An opinion piece in Ad Age claims that brands should remain non-partisan and avoid "siding with right-wing sites". It depends on what you mean by "right sites," but it's now easier to say than to do.
The Keurig Coffeemaker, which was one of five brands to draw commercials from Sean Hannity's Fox TV program after his controversial interview with Alabama's Senate candidate and alleged mugger. Roy Moore's children, is a good example. Hannity has undoubtedly created a platform for Moore to discredit his accusers and rehabilitate himself. The program was actually an extension of Moore's campaign and messaging.
The danger of continuing to support the Hannity program was that some of these marks would be considered to implicitly tolerate Moore's alleged actions (pedophilia). How is it going for a brand association?
After Keurig (and others) withdrew sponsorship from the program, Moore's or Hannity-loyal viewers started destroying their Keurig machines and posting the videos on Twitter, with the message "Offend a liberal. "
This may be an extreme case, but it is also increasingly representative of the state of American politics and challenges for brands. In many cases, remaining indifferent to politics (as suggested in the Ad Age article) may amount to supporting causes and beliefs that are well outside the mainstream (eg, hate speech, crimes). sex). This is partly because American politics has become much more polarized and the principles are often sacrificed to tribalism.
Activists on the left and right have adopted a tactic to publicly embrace or boycott brands because of their actual or implicit affiliation with specific causes or positions. White supremacists and right-wing ones have embraced a whole range of brands (for example, Papa John's Pizza, New Balance shoes and others) and have sought to boycott Kellogg, Starbucks and Nordstrom, among others, because they took a stand against Trump or his policies of administration.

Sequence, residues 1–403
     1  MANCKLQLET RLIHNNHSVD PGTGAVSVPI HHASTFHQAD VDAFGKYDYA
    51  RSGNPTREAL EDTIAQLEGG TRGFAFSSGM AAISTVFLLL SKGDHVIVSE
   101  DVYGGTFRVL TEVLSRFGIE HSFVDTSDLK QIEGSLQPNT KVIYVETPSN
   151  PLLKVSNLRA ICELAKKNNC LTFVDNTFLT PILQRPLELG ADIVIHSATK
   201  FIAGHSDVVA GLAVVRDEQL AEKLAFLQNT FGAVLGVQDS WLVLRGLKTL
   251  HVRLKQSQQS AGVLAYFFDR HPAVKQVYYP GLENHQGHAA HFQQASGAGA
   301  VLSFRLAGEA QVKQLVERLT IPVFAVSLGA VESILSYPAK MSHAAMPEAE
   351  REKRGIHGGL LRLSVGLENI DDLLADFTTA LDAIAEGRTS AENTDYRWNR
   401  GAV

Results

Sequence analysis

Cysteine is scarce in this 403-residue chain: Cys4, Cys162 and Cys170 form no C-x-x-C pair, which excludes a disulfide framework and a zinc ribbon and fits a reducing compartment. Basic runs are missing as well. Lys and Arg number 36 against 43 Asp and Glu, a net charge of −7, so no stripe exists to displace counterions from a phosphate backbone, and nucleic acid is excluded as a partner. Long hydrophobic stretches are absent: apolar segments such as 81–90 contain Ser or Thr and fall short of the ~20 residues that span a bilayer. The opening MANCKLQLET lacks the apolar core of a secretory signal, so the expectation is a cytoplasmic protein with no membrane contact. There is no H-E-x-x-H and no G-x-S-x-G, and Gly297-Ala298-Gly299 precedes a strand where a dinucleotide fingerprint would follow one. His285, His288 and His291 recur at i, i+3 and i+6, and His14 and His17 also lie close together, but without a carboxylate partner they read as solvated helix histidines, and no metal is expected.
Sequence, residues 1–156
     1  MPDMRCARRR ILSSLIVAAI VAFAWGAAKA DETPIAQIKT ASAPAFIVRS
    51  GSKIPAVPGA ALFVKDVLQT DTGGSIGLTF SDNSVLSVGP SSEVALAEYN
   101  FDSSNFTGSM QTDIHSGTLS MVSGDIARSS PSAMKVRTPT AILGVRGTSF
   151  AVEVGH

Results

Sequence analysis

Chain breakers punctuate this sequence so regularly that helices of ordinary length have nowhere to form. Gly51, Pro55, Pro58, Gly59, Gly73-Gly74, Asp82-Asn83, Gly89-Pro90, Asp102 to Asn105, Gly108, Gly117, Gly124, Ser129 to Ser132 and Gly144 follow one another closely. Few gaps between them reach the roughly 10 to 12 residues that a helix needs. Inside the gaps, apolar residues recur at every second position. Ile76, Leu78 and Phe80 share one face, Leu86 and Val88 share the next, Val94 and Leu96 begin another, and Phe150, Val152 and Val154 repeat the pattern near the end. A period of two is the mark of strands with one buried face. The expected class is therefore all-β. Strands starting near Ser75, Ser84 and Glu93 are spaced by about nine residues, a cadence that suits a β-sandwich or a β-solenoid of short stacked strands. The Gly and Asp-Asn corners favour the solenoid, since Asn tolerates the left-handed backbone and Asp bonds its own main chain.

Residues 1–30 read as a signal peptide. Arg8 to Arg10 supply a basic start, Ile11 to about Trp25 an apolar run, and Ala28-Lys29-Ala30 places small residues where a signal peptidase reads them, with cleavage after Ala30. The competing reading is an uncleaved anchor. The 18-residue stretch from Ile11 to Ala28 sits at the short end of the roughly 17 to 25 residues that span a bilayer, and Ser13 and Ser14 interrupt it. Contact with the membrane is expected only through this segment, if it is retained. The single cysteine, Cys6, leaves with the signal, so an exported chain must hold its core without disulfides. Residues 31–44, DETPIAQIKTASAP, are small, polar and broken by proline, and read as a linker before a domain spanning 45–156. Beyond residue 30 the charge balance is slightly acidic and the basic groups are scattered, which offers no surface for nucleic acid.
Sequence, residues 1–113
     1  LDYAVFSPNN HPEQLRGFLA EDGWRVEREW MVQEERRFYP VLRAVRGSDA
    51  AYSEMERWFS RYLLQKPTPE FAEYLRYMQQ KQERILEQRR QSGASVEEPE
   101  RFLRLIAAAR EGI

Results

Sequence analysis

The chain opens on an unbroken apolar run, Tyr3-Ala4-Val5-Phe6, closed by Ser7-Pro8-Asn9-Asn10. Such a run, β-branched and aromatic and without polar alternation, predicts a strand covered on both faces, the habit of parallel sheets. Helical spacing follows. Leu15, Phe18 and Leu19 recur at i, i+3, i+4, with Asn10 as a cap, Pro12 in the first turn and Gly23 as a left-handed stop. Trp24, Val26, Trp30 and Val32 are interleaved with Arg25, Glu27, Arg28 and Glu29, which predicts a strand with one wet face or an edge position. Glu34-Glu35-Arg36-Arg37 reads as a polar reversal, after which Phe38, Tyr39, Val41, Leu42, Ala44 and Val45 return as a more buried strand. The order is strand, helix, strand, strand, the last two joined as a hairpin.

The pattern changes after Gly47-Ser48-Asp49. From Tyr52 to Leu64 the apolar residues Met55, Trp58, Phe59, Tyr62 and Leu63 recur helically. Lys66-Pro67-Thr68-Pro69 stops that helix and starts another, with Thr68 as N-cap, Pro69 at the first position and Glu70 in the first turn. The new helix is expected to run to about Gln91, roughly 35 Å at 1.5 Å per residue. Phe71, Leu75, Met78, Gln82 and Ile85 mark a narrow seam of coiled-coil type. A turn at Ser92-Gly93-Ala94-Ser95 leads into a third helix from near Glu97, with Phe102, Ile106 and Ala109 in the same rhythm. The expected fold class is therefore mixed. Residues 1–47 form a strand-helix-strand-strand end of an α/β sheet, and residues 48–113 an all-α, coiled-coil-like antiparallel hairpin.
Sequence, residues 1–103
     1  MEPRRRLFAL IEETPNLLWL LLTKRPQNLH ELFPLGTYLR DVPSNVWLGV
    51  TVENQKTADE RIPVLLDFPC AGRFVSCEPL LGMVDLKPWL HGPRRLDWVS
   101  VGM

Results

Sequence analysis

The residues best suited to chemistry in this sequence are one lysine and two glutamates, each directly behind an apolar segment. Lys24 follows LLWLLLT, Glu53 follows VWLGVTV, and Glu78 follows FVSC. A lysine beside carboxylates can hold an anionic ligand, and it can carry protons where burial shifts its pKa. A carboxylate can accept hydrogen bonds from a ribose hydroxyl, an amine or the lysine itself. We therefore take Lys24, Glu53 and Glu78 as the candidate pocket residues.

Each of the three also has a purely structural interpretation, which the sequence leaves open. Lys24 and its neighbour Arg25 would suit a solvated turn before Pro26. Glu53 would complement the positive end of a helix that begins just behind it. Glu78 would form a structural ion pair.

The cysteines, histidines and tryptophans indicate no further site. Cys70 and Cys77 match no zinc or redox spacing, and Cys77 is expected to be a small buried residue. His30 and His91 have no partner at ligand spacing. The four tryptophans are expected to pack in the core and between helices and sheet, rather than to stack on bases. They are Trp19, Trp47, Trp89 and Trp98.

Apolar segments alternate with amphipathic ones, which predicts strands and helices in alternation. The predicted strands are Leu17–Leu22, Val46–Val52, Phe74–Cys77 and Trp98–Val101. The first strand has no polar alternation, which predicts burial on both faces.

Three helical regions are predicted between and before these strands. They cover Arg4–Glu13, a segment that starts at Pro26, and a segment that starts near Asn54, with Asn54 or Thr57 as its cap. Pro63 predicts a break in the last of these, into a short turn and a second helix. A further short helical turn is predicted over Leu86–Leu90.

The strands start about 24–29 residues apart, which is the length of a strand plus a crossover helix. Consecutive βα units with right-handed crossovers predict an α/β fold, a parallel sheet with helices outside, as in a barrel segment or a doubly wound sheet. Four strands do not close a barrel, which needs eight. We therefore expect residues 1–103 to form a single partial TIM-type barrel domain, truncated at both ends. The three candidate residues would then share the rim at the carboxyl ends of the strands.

Indeed, the election of Trump, the corresponding rise of the far right and a more militant left made it virtually impossible for brands to avoid politics. Brands have become the target of political pressure. The left sees public shame and boycotts as a means of influencing policies at a time when the government is not addressing their concerns.
Moreover, in this polarized climate, more and more consumers want to buy brands that share their ethics and beliefs. And Trump himself has lagging marks that he does not like for one reason or another. The situation has become much more complex and complex.
The Ad Age piece proposes a solution and a way forward: "Focusing on consumer behavior related to results more closely than the political trend of a site on which an ad appears." For mainstream sites, this is a good tip. But there is a danger of being unintentionally identified with unsavory or extreme views by passivity (eg, Hannity's advertisers do not do anything).
At the time of brand danger like this, companies must be vigilant. We may never come back to a time when brands can really be "non-partisan" or apolitical in the broadest sense of the word.
Brand security is a huge problem right now. Whatever it is, it's good for brands to adopt ethical positions on important issues – I'm not talking about endorsing candidates, I'm talking about not supporting hate or the criminal conduct.
This is not really a question of left versus right; it's a matter of principle.